Neuropsychology

For many years, the hormone oxytocin was caricatured as the source of all human goodness - trust, altruism, love, and morality.
Clinicians and neuroscientists must work together to understand and improve psychological treatments says an article in Nature magazine.
The Added Value of Clinical NeuropsychologyWe are delighted to welcome internationally recognised experts in neuropsychology to our third BPS Division of Neuropsychology (DoN) Annual Conference.
The 54-year-old epilepsy patient - her name remains concealed to protect her privacy - was lying on the operating table while surgeons explored inside her brain with electrodes. They were looking for the source of her epileptic seizures.
A new study has linked exposure to violence on television with less mature brain development and poorer executive functioning in young men.
The Division of Neuropsychology Scotland is hosting a research/CPD event on the Thursday 2 October 2014 with key topics being neurological disorders.  As part of this event we are also holding a poster presentation on research or audit w
Children and adults who learn musical instruments could enjoy improved cognitive function, a new study has suggested.
Some memories we aim to remember, others just show up. One proposal is that uninvited memories, such as those that intrude in Post-Traumatic Stress Disorder (PTSD), are encoded and stored in a distinct memory system.
Depression is a growing public health concern, affecting 1 in 9 people at some point in their lives, and with a third of sufferers experiencing little or no benefit from medication. Faced with this crisis, scientists have looked for alternati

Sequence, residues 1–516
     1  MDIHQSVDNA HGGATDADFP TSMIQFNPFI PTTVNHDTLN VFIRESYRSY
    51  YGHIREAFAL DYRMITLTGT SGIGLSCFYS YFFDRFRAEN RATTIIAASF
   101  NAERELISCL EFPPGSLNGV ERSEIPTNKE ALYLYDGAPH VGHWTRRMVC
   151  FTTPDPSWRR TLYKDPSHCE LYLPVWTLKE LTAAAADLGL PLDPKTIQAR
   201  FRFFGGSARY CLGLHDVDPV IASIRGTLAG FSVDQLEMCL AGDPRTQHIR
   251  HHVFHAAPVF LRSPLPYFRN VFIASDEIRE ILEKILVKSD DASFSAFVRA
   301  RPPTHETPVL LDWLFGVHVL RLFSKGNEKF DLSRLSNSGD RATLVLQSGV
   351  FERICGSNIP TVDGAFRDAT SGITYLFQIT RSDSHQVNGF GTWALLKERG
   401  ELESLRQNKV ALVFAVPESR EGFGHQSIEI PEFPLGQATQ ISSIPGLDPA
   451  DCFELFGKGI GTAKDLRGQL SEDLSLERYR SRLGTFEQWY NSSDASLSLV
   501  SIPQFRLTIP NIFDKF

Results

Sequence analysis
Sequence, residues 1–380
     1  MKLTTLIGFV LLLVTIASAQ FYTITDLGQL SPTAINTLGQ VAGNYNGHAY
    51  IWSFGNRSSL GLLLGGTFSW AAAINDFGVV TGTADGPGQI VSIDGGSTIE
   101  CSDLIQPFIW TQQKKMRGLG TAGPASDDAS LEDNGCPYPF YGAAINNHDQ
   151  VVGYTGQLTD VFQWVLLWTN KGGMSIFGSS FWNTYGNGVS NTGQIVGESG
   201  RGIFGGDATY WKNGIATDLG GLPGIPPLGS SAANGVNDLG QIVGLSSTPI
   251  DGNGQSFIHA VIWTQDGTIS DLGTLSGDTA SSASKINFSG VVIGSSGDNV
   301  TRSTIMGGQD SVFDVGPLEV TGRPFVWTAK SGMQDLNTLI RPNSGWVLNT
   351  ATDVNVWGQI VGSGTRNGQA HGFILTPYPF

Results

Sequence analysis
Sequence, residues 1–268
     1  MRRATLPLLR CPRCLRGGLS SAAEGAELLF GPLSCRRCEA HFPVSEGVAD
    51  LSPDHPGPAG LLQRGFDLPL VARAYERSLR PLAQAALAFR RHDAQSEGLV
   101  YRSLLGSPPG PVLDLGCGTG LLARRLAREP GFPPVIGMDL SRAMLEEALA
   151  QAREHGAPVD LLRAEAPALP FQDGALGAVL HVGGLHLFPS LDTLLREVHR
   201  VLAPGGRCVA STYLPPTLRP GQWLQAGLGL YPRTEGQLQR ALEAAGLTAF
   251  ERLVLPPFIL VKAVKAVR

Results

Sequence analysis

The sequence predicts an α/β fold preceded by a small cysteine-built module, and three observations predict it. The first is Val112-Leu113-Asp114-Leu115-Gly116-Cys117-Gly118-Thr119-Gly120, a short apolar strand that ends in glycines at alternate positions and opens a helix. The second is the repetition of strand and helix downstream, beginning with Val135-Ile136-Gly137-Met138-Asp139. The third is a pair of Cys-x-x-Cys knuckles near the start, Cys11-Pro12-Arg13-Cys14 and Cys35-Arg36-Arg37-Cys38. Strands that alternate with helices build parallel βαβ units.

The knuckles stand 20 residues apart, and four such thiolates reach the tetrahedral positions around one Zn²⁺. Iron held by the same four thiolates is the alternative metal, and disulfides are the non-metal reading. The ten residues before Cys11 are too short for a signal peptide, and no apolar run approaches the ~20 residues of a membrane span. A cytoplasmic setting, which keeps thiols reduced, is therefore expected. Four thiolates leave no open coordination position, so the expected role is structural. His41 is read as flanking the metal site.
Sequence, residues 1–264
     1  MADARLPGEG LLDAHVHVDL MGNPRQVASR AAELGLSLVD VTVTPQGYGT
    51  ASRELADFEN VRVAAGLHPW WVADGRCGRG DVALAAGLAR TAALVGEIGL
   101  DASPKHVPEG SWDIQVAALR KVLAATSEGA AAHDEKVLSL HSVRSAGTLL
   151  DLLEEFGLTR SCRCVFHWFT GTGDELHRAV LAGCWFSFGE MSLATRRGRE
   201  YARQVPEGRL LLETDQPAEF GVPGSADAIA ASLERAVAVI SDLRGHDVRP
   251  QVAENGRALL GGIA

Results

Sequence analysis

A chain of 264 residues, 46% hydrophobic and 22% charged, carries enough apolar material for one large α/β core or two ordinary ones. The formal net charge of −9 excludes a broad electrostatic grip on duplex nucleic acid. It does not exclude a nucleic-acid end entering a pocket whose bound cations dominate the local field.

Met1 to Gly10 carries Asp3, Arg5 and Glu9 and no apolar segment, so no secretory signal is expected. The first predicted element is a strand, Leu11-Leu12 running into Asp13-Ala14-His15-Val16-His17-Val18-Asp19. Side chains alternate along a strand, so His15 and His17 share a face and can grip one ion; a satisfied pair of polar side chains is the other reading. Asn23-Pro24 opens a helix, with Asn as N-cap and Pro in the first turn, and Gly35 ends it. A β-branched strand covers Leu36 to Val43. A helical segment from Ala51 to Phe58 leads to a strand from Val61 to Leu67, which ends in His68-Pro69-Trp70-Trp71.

The Fourth UK Paediatric Neuropsychology Symposium, ‘Atypical Developmental Pathways’, will take place at the Institute for Child Health in London this week (19-23 May).
A study into brain patterns suggests musical training can alter the way we think.
"When children display problems in one area, it might be more important to, as early as possible, set up a strategy for helping with all related symptoms rather than trying to help only with a specific diagnosis (which often will change over time)
Professor Trevor Robbins CBE from the University of Cambridge is to receive his Brain Prize at a ceremony in Copenhagen today, Thursday 1 May. The prize recognises highly original and influential advances in any area of neuroscience.
The British Psychological Society is holding a reception at the Scottish Parliament this evening (29 April 2014) to raise awareness of the increased risk of reoffending behaviour following injury to the head and brain.
Our use of laughter and swearing as forms of emotional expression are two of the topics featured in a new BPS series of audio interviews with prominent psychologists.
New research suggests that children with Tourette's syndrome (TS) could be unconsciously training their brain to minimise the tics they display.
People may be more likely to experience gambling addiction if they have damage to a particular part of the brain, or it is not functioning properly.
The winners of this year's annual Brain Prize have been announced at a ceremony in Denmark. Giacomo Rizzolatti, Stanislas Dehaene and Trevor W.
The cognitive damage caused by white matter disease appears to be more widespread than previously thought, according to a study published in the British Psychological Society's Journal of Neuropsychology today. 
The second fortnightly Psychology FM broadcast goes out on the Manchester radio station ALL FM on Wednesday 19 February at 11am and will look at neuropsychology.
The role cognitive and behavioural psychologists play in the race to crack the world’s most complex system, the human mind, will be explored in a fully booked Science Museum event today, Wednesday 12 March, at the Dana Centre in London.
You wouldn't believe the amount of ink spilled by neuroscientists and psychologists attempting to explain the simple fact that we can't tickle ourselves.
Two new studies have resulted in discoveries about the causes of schizophrenia, which is believed to affect around one in 100 people at some time in their lives.
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